After mixed martial arts pundits described UFC women’s flyweight champion Valentina Shevchenko as the “most dominant” in the world, her male counterpart – UFC men’s flyweight champ Henry Cejudo – challenged her to throw down.
Shevchenko recently defeated Liz Carmouche in a five-round decision at “UFC Fight Night 156.” The Kyrgyzstani fighter’s performance prompted some MMA insiders, such as ESPN journalist Ariel Helwani, to label her the most dominant champ in the game.
Fight goes the distance. Never in doubt. Shevchenko will get the nod. This is why I said last week she is the most dominant champ right now. The gap between her and the rest of the contenders is extremely wide.
— Ariel Helwani (@arielhelwani) August 11, 2019
In a video tweeted by Cejudo on Sunday, the man known as “Triple C” expressed his consternation on learning that commentators were heralding Shevchenko as “
The 2008 Olympic gold medalist in freestyle wrestling proceeded to call out Shevchenko.
— Henry Cejudo (@HenryCejudo) August 11, 2019
Shevchenko did not shy away from the challenge.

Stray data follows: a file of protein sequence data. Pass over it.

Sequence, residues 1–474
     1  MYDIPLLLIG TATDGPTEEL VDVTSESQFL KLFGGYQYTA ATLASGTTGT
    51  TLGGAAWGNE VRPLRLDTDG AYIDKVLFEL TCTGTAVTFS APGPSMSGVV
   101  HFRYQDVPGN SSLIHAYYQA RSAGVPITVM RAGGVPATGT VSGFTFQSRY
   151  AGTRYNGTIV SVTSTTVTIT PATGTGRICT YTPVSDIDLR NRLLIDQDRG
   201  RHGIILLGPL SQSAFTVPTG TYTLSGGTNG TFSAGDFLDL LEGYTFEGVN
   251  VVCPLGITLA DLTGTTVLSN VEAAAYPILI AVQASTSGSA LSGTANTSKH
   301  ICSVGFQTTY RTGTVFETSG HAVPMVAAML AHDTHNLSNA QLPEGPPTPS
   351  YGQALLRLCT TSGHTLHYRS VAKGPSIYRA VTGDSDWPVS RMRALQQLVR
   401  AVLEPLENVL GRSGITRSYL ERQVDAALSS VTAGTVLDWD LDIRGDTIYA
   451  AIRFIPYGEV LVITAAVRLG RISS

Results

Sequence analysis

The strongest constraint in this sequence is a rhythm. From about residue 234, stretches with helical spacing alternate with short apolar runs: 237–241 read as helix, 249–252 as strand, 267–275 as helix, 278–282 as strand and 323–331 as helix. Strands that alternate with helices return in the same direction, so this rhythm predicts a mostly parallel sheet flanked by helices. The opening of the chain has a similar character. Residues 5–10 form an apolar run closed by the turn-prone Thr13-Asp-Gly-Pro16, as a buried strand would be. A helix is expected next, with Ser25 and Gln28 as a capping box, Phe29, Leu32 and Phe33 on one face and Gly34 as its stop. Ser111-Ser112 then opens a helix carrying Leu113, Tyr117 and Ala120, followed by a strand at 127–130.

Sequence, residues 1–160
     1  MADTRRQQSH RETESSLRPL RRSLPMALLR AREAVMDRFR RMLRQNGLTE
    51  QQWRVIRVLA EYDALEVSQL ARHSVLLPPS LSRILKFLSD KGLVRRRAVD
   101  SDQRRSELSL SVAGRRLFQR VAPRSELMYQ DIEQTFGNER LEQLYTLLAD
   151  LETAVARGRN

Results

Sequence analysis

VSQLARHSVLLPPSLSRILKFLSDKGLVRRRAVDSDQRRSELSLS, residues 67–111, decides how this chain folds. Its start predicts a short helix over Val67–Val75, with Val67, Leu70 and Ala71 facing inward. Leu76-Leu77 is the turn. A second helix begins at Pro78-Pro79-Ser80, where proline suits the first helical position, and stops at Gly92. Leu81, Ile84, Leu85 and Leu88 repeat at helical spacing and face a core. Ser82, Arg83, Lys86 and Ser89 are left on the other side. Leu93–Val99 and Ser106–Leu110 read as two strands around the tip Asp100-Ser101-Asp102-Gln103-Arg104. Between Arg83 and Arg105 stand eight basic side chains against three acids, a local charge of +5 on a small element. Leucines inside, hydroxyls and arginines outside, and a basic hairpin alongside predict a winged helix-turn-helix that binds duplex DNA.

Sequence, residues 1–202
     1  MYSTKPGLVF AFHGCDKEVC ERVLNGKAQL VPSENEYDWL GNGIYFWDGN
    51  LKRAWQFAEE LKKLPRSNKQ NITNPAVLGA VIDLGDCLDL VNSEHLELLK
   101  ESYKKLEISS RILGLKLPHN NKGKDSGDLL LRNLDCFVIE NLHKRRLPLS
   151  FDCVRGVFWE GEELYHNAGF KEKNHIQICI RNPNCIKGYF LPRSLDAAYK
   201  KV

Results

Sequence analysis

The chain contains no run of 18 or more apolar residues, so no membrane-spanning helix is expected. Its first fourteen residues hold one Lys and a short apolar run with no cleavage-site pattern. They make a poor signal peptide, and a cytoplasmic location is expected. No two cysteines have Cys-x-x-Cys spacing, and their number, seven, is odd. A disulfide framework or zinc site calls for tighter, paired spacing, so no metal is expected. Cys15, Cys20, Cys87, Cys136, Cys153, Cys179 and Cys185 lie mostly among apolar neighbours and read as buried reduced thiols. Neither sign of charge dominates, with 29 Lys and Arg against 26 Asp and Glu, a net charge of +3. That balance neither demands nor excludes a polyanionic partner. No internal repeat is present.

In an interview with Helwani posted Monday to the ESPN MMA Twitter account, the “Bullet” cautioned Cejudo to “be careful what” he wished for.
— ESPN MMA (@espnmma) August 12, 2019
UFC president Dana White addressed the developments while speaking to reporters on Tuesday.
“That’s the wackiest shit I’ve ever heard in my life,” White said. “It’s just f*cking crazy that he would even say that. But Valentina would probably do it. I don’t even know how to respond to that or what to say other than ‘Wow.’”
Henry Cejudo, Valentina Shevchenko and the battle of the sexes
At least since women’s tennis legend Billie Jean King defeated Bobby Riggs in a 1973 exhibition match, the subject of how female athletes measure up to men has fascinated the public imagination.
The topic returned with a vengeance when Ronda Rousey, one of the most dominant women champions in UFC history, said in 2015 that she “could beat 100 percent” of the men in her weight class.
In recent years, the feminist thrust underpinning such debates has moved front and center.
Just this year, debates flared over whether the World Cup-winning U.S. Women’s National Soccer Team is better than their male counterparts.
Some onlookers even suggested that the women’s team’s purported superiority was evidence of so-called “gender-pay discrimination.”
1) She is not paid as much as her male counterparts, despite being better, and far more popular than the men’s team
2) This administration banned pride flags at US embassies, which the Vice President said was the “right decision.”
Can you blame her? https://t.co/ZIW7zJuWwh
— Jemele Hill (@jemelehill) June 13, 2019
There were counterarguments, though. Some social media users recalled the U.S. Women’s National Team’s blowout loss in 2017 to an FC Dallas club team whose players were aged 14 and 15. The final score was 5-2.